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Social media is an opportunity to discuss law, endangered caribou and First Nations rights

Photo: The Next Web/Flickr

The Supreme Court of Canada's Chief Justice, Beverly McLachlan, raised many virtual eyebrows on January 31 when she expressed concern about the impacts of social media on Canada's justice system. Her worry is that people using social media as their main information source may be getting an inaccurate impression of the justice system.

Especially timely -- at least to West Coast Environmental Law -- was her question: "How can a medium such as Twitter inform the public accurately or adequately, in 140 characters or less, of the real gist of a complex constitutional decision?"

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| January 27, 2012
| December 9, 2011
| December 5, 2011

Media Democracy Days: MPs May and Davies discuss the need to democratize media

In 1996, a coalition of citizens, researchers, academics, and activists in Vancouver emerged in response to the takeover of much of Canadian Press by Hollinger's Inc. The coalition, later re-named Openmedia.ca, started a one-day event called Media Democracy Day in 2001 where issues including the impact of the concentration of media were discussed.

Now in its 10th year, Media Democracy Days has evolved into a three-day event in three different locations, allowing different communities and panel speakers to tackle topics such as copyright policy, media representations, and documentary film productions.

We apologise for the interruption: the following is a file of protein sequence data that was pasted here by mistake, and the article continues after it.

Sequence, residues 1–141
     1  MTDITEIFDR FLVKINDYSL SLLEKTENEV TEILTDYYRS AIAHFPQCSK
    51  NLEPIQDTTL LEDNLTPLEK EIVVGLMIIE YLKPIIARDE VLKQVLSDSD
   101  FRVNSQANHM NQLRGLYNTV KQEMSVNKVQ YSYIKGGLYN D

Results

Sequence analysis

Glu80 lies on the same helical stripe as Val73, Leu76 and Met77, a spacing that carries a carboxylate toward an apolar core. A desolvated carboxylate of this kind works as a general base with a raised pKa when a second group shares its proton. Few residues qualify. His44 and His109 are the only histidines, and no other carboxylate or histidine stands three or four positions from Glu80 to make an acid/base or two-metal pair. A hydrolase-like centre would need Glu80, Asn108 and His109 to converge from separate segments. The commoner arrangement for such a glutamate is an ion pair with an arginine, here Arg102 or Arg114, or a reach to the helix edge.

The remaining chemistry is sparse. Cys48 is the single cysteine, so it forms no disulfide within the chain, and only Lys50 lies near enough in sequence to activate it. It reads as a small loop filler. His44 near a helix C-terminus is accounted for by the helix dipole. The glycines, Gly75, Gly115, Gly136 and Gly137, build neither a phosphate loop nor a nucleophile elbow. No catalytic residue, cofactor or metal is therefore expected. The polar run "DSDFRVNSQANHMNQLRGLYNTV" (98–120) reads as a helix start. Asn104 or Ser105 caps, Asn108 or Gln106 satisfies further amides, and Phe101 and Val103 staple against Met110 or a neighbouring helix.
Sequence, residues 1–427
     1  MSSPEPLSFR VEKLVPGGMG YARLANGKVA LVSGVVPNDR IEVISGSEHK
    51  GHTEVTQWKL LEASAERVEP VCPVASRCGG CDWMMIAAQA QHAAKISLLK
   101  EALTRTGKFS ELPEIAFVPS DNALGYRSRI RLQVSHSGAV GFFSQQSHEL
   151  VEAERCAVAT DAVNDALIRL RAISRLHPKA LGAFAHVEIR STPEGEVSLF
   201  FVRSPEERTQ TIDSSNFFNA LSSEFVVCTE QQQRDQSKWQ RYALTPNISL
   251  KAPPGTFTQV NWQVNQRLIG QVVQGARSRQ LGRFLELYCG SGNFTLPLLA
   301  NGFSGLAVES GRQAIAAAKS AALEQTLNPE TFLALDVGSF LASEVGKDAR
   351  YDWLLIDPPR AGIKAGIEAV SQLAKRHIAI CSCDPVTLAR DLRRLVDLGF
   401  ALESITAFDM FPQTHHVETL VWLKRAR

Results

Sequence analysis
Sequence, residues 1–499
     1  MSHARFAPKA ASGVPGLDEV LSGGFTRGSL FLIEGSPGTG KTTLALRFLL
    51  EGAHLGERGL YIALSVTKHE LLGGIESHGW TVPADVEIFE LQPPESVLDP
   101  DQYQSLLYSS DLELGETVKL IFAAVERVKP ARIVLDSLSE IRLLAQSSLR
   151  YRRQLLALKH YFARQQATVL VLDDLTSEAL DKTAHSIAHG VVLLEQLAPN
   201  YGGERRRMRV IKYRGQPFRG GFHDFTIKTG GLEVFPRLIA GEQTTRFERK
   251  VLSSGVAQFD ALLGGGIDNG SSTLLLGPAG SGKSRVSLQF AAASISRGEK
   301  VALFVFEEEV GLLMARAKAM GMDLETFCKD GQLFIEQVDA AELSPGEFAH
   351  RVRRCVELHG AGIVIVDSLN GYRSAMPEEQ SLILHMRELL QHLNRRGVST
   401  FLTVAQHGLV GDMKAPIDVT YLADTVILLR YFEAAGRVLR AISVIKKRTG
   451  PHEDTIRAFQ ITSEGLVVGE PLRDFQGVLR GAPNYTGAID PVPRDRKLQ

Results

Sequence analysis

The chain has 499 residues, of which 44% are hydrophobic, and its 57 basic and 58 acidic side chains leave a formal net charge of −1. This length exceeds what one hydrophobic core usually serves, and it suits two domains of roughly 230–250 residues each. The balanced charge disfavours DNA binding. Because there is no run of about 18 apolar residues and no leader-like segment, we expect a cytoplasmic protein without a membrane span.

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Migrant Matters

Sophisticated vigilantes C.R.I.M.E. take on France over Haiti restitution

September 19, 2011
| C.R.I.M.E., an international group of activists who impersonated French government officials, won't let France forget who owes the bill for much of the ensuing undemocratic havoc and horrors in Haiti.
Length: 41:28
| September 1, 2011

Empowering young people to define themselves and their communities

When you ask youth about their place in society and they respond by telling you that the media is what negatively impacts them and stops them from feeling a sense of belonging in the broader community, you (should) pay attention. Maybe even do something about it.

That's the basis of a new project, the Multimedia Multicultural Initiative (M&M), now operating in seven cities across Canada. It is run by the United Nations Association in Canada (UNAC). While not the actual UN, the organization is part of a federation of United Nations Associations around the world that promotes and educates around the broader mandate of the UN, issues like good government, equality, diversity, and human rights.

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We welcome your comments! rabble.ca embraces a pro-human rights, pro-feminist, anti-racist, queer-positive, anti-imperialist and pro-labour stance, and encourages discussions which develop progressive thought. Our full comment policy can be found here. Learn more about Disqus on rabble.ca and your privacy here. Please keep in mind:

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| June 24, 2011
| June 10, 2011
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